Beat writer’s take: “Indiana's offense is trying to keep pace as it moves to replace graduated quarterback Nate Sudfeld. The early returns are promising, with junior college transfer Richard Lagow in position to win the job. If he does, he'll be aided by plenty of experience at the skill positions and up front, where IU expects to start four fifth-year seniors, including All-American right guard Dan Feeney. IU coach Kevin Wilson believes injured running back Camion Patrick is the team's best player, and Patrick could be ready to return from an ACL injury by the conference opener against Michigan State. The real concerns with Indiana are familiar. The Hoosiers' defense was one of the worst units in the nation last year, pulled down by a young and injury-prone secondary that watched opponents spring for big plays. New defensive coordinator Tom Allen has installed a 4-2-5 scheme that includes an extra defensive back who functions as a hybrid safety/linebacker. IU is hoping an extra year of experience helps its sophomores and juniors in the secondary develop as it builds onto the back end. Depth and experience are also concerns for IU's defensive line. The strongest players on that side of the ball include IU's two linebackers, Marcus Oliver and Tegray Scales. Although IU's secondary is ripe for criticism, Rashard Fant has proven to be one of the league's better cover corners. Fant finished second nationally with 22 breakups last year.” – From Mike Miller (@MikeMillerHT), Bloomington Herald-Times

6. MARYLAND

Last season: 3-9 (1-7 Big Ten)

Coach: DJ Durkin (first year)

Beat writer’s take: “I think there is still some talent there but there are deficiencies in some areas. Quarterback is a question mark. Coaching is a huge upgrade. They’re going to win some games and be in some games because of coaching. The schedule sets up nicely for a coach in his first year. He has go on the road twice in the non-conference, but the three non-conference opponents were 6-29 last year. It sets up nicely to be – honeymoon period is the wrong description – but it’s going to be an easier transition. It will give them a chance to try things out, play around a little bit.” – From Dan Gallen (@Danieljtgallen), Baltimore Sun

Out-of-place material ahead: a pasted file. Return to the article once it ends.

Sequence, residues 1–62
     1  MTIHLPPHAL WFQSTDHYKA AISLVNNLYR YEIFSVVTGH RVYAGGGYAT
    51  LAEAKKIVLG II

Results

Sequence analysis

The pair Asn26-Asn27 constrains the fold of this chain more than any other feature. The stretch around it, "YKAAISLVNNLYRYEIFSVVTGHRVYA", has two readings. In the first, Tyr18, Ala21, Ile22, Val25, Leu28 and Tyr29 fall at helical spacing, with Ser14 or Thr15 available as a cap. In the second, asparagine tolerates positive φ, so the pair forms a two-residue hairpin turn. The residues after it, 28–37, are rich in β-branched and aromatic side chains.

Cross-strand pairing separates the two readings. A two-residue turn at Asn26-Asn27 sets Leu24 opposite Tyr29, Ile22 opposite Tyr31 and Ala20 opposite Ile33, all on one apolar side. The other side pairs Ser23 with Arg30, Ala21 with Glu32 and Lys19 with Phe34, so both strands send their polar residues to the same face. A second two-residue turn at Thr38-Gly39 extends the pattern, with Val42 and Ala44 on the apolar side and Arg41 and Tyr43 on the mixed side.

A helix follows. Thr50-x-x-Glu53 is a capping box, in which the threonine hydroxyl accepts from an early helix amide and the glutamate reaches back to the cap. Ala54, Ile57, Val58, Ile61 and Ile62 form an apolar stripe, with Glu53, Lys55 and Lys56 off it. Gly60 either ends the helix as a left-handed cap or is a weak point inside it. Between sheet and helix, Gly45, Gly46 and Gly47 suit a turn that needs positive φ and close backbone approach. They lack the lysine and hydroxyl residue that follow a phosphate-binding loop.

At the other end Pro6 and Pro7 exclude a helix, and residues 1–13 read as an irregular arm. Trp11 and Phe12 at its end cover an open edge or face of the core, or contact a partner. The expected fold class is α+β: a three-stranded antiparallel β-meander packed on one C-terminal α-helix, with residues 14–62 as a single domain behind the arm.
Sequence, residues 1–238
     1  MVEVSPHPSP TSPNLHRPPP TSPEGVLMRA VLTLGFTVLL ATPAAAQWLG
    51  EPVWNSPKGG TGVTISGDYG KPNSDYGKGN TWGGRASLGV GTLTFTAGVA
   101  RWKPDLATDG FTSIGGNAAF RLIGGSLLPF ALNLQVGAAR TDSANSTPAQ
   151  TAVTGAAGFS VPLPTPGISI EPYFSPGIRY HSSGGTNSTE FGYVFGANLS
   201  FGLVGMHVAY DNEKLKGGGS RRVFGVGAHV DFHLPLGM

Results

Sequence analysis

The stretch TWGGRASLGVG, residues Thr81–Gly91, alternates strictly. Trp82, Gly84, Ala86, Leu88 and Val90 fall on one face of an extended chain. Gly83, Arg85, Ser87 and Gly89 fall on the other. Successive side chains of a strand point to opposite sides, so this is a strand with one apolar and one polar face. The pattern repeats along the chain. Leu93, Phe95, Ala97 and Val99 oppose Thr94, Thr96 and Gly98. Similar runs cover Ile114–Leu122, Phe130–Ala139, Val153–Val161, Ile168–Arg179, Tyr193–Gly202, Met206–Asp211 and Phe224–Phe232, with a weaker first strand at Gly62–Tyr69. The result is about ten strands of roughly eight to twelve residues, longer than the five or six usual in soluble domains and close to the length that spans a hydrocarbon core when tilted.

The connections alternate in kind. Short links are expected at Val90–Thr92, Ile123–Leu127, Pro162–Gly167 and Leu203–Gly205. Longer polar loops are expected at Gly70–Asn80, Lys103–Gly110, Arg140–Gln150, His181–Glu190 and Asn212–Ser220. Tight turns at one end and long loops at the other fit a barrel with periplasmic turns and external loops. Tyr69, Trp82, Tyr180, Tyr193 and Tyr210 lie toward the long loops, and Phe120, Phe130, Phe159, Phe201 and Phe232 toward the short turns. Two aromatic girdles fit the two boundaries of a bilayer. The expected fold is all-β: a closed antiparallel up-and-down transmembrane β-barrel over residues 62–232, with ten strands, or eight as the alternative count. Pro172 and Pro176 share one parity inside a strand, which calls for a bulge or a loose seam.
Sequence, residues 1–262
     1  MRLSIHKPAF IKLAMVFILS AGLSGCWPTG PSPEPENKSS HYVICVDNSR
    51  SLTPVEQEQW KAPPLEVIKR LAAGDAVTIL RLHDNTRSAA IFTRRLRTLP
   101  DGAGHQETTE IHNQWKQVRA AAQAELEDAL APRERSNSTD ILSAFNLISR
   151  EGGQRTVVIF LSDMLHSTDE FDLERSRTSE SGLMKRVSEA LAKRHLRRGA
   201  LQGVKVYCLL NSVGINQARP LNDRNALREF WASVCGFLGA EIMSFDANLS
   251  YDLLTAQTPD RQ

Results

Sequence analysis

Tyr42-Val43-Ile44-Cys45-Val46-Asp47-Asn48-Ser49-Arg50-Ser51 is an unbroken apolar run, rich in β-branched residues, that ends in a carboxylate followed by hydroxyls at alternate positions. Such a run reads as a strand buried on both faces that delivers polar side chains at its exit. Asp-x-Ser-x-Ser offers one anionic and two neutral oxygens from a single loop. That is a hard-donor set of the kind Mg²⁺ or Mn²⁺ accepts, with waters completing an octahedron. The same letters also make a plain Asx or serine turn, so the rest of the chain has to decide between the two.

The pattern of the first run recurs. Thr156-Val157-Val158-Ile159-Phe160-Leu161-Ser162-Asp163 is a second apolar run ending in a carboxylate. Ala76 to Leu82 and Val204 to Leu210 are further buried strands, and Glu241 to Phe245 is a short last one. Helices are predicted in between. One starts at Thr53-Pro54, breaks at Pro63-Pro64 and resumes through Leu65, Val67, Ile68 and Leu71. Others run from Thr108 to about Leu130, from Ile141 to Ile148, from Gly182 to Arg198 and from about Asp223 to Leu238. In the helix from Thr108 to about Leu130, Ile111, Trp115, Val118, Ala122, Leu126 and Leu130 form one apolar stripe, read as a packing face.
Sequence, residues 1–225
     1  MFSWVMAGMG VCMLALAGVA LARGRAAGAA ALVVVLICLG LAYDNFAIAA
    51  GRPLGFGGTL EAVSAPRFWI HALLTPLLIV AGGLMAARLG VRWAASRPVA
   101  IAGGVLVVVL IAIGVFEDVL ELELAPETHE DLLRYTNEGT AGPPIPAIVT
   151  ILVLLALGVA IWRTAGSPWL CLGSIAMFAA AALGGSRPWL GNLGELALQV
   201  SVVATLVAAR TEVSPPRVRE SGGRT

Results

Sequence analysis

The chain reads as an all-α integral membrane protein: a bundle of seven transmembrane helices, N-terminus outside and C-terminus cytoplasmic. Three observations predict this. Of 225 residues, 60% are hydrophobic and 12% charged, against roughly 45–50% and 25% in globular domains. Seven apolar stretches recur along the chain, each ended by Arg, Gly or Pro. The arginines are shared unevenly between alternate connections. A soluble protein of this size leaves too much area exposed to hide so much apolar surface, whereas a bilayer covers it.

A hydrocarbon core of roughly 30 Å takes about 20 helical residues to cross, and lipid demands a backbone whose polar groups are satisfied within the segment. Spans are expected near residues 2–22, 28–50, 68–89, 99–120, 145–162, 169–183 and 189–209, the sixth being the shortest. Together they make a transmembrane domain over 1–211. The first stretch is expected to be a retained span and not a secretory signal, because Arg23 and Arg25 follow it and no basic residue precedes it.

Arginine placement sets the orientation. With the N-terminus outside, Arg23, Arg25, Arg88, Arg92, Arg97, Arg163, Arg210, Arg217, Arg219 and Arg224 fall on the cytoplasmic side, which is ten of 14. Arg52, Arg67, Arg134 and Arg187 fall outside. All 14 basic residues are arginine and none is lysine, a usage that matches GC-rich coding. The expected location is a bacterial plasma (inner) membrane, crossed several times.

7. RUTGERS

Last season: 4-8 (1-7 Big Ten)

Coach: Chris Ash (first year)

Beat writer’s take: "During the offseason, Rutgers changed athletic directors, head coaches, offensive schemes and just about everything within the football program … except for the starting quarterback. Chris Laviano withstood a challenge from TCU graduate transfer Zach Allen and reclaimed the job he held for 11 games in 2015. How he fares in the new power spread distributing to playmakers like Janarion Grant and Robert Martin is one key. The other is how quickly new coach Chris Ash – the former defensive coordinator at Ohio State and Wisconsin – can turn around a defense that has surrendered 16,666 total yards over the last three seasons combined." – From Ryan Dunleavy (@rydunleavy), NJ.com